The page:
A basket type screen 42 is removably positioned within the pan 34 for filtering out debris entering the pan 34 within oil which is drained from one of the fryer vats 12A and 12B. At the bottom of the pan 34 a filter assembly 45 is provided for filtering the oil. An oil return path from the pan 34 back to the fryer vat 12A, 12B is formed in part by a coupler 44 which is connected to and extends from a front sidewall of the pan 34. The illustrated coupler 44 extends rearwardly back toward the fryer frame 20. A corresponding coupler 46 (FIG. 2) is positioned on the fryer frame 20, with the two couplers aligned for slidingly mating with each other in a friction fit arrangement when the drawer 32 is moved to a closed position.

In the illustrated fryer 10, each vat 12A, 12B includes an associated exhaust stack 200A, 200B formed at the back of the fryer for venting combustion gases produced by the oil heating system which includes in vat fire tubes.

Referring now to FIG. 2, the pan 34 includes an outlet opening 48 through its bottom wall 50. The oil return path is formed in part by a flow passage through member 52 and piping 54 which runs along the external surface of bottom wall 50 and front wall 56 of the pan 34.

Near the top of front wall 56 a wall penetrating coupling assembly 58 passes through the wall 56, with piping 60 extending upward from the pan 34 and rearwardly as shown. The end of piping 60 acts as the return coupler 44. The return coupler 44 mates with corresponding coupler 46.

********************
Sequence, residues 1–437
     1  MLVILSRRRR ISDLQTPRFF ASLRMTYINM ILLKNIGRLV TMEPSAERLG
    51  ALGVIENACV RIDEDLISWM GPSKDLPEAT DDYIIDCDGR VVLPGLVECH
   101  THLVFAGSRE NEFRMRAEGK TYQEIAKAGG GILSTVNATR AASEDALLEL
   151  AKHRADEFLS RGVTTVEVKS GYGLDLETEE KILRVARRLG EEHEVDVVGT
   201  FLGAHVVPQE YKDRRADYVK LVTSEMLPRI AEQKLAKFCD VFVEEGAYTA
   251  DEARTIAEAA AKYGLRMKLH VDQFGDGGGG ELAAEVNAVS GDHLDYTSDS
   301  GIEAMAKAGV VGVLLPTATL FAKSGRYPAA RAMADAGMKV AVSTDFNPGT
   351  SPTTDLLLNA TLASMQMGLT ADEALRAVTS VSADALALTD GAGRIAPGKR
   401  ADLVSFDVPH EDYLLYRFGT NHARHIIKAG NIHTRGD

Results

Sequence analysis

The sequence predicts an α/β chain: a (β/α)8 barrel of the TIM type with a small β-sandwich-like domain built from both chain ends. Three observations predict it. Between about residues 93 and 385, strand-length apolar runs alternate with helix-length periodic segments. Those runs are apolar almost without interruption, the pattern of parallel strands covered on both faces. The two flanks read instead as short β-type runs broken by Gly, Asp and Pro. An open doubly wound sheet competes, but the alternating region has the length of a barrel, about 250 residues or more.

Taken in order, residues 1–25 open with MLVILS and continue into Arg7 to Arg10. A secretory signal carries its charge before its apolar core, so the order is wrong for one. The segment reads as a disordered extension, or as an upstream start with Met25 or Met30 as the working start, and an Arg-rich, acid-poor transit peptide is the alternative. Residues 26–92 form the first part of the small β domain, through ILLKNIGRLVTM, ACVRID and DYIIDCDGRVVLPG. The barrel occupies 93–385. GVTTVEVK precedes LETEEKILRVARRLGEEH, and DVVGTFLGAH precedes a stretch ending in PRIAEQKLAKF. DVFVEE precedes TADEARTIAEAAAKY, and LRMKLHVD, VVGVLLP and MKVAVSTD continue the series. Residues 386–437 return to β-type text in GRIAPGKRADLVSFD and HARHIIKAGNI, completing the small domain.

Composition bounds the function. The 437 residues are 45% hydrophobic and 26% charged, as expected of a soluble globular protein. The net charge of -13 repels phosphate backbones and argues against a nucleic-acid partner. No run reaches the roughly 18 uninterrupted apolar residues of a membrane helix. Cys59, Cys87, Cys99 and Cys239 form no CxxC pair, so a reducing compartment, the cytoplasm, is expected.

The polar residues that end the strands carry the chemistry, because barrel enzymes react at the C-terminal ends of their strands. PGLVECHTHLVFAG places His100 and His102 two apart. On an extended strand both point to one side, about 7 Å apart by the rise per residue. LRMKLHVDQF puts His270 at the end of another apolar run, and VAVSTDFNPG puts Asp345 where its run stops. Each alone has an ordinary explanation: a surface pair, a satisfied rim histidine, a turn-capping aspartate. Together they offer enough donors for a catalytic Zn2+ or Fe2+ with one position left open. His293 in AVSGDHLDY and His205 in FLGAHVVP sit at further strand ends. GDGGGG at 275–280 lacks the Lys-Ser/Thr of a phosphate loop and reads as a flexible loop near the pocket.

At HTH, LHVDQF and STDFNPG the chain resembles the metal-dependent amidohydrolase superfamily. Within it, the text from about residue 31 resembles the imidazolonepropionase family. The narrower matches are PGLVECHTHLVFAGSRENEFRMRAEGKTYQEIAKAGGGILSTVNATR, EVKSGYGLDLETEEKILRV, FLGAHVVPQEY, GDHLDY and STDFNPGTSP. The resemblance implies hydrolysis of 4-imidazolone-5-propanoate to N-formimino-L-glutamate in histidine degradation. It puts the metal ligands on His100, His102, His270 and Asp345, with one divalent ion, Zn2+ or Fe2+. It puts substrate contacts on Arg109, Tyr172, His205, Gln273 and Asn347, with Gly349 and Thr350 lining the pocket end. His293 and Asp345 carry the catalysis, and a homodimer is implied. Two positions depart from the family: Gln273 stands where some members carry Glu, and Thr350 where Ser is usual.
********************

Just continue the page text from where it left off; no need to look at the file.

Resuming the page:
The oil return path leads back to the fryer vat and includes a pump 110, which may be driven by an electric motor, positioned therealong for drawing oil out of the pan 34 and pumping it back to the vat. Oil traveling out of the pan 34 during a filtration operation travels from the pan 34, through the outer filter screen material of the filter assembly 45, into the interior of the filter assembly 45, and out of the interior of the filter assembly 45. Operation of the pump 110, and the associated flow of oil drawn out of the pan 34, creates a suction force for holding the coupler of the filter assembly 45 to the coupler of the pan 34, without requiring any latch or hold down member. The suction force created by the pump 110, and the associated flow of oil drawn out of the pan 34, also holds the return coupler 44 of the pan 34 to the corresponding coupler 46 of the fryer frame 20 so as to maintain the drawer 32 in a closed position during a filtration operation, without requiring any positive latch.